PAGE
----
Since then, the main route passes through the northern and eastern parts of the country. “Around organized crime, there is much violence, violence against women, and drug use. Unfortunately, there are very few prosecutions against members of this group. The women are afraid to testify against them, because they know that anyone who stands up against these people will die. It’s that simple,” says Helen Leiva, who works for Tan Uxil, an organization that promotes reproductive rights and receives funding from Planned Parenthood. “There has not been one single moment when we have been able to sit back and say yes, now the rates are going down. On the contrary. They keep going up.” In 2009, Guatemala introduced a law on sexual exploitation and human trafficking that defines sex with a girl under the age of 14 as rape under all circumstances and includes strict directives for sentencing perpetrators and instructions for aiding victims of sexual violence. Nevertheless, 5,100 girls below the age of 15 became pregnant last year in Guatemala, and the number of 10 to 15-year-olds who gave birth more than doubled between 2010 and 2012. And this disturbing trend is reflected throughout Latin American and the Caribbean, which the United Nations Population Fund reports is the only region in the world where births to girls under the age of 15 are on the rise, an increase that is projected to continue. Since 2012, every hospital and maternity ward in Guatemala has been required by law to report births to girls under the age of 15. While the legislation led initially to a sharp increase in reported deliveries among young girls, the numbers have since declined. “Families now know that the man will be reported if the girl delivers in a hospital, so they give birth at home instead,” Leiva explains.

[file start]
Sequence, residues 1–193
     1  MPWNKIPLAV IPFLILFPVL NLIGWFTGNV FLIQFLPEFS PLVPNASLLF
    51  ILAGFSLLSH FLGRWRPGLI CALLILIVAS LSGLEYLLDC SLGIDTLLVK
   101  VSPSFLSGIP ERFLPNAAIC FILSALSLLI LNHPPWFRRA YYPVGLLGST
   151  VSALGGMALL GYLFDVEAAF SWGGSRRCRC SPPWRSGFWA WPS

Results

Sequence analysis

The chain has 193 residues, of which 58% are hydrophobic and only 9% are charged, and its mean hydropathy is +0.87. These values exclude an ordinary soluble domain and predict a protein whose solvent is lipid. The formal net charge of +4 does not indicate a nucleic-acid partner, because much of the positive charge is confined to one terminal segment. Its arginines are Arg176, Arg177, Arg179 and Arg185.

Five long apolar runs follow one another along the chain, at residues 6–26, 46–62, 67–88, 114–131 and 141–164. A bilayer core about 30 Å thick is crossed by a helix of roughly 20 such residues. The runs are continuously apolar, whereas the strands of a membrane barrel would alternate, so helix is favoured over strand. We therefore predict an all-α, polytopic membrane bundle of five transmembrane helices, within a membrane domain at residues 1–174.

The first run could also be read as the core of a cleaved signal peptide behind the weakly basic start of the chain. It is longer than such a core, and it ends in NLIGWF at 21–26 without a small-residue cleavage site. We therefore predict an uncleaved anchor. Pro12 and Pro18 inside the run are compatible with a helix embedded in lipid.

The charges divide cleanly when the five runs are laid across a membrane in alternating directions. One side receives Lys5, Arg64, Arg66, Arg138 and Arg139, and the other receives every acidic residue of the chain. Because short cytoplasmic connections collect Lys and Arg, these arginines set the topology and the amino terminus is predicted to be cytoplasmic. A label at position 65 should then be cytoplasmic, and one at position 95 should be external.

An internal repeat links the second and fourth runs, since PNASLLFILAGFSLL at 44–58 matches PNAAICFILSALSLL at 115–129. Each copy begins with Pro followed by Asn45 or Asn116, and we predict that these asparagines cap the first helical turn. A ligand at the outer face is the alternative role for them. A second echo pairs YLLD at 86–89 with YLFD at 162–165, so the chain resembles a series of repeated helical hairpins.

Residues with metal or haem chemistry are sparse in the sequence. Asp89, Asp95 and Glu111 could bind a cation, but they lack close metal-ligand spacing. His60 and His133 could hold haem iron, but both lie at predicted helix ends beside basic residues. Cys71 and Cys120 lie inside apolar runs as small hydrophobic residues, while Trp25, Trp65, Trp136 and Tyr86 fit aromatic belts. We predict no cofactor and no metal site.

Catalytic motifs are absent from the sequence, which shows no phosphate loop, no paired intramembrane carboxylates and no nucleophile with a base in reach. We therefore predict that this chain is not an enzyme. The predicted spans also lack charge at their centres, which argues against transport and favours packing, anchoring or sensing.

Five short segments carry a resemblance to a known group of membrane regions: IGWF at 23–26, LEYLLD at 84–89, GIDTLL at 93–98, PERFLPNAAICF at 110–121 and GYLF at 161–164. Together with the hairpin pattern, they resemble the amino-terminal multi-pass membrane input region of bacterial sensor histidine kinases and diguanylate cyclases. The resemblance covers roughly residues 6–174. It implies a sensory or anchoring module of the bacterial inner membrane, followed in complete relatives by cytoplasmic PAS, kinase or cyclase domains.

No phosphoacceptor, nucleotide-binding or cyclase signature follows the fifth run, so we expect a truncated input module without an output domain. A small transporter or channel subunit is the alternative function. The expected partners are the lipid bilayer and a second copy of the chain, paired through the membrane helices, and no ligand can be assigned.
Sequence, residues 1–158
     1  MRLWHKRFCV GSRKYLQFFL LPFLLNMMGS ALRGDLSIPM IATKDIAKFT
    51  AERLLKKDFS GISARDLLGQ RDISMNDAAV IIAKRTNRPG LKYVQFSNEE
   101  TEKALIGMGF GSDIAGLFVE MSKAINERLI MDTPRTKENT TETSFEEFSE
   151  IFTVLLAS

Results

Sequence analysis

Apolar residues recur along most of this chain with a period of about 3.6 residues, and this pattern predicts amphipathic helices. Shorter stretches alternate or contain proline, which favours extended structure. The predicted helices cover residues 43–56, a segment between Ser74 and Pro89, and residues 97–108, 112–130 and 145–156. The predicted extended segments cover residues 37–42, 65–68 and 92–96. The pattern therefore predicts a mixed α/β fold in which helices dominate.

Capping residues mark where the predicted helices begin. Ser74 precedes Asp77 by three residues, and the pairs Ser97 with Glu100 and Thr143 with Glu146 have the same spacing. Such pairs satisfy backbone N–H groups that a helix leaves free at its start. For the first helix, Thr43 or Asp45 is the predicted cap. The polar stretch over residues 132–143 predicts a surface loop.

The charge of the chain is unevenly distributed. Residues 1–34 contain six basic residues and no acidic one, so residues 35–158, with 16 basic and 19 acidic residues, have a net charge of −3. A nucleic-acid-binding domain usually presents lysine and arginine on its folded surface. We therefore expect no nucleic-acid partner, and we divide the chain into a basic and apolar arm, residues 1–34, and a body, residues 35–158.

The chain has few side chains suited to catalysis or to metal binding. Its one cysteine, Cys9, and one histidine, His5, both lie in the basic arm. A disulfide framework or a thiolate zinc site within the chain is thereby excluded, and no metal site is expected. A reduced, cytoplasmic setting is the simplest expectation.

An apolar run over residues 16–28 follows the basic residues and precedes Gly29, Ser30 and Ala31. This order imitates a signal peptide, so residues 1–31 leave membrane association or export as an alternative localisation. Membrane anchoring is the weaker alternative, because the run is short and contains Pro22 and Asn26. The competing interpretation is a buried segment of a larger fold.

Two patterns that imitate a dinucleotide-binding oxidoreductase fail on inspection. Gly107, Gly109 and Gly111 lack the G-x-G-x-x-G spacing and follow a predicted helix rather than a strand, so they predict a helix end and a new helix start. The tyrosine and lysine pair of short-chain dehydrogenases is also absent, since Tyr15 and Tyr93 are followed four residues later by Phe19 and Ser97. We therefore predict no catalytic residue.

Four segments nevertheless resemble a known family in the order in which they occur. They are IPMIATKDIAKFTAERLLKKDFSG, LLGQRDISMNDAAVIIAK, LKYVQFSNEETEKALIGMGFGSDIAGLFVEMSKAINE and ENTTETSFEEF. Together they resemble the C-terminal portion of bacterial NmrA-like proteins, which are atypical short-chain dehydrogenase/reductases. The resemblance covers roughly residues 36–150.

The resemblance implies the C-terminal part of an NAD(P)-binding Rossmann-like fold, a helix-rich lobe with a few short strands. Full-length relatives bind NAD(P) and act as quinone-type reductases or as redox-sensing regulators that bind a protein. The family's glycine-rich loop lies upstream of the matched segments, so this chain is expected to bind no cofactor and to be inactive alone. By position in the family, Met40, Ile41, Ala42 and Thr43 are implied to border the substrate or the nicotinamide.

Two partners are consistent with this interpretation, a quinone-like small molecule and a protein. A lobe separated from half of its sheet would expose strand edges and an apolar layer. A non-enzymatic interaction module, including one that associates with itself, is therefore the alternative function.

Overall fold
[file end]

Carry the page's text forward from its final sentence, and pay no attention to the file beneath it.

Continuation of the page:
Lilian’s Story: A Mother’s Courage
A recent study found that 89 percent of cases of sexual violence against girls under the age of 14 involve a family member or family friend, with a quarter of cases committed by the girl’s own father. Lilian was only nine years old when her great uncle—30 years her senior—began having sex with her during the day while her mother was at work. She became pregnant two years later. A shy girl, she rarely looks up from the floor unless her two-year-old son Marcos David demands her attention.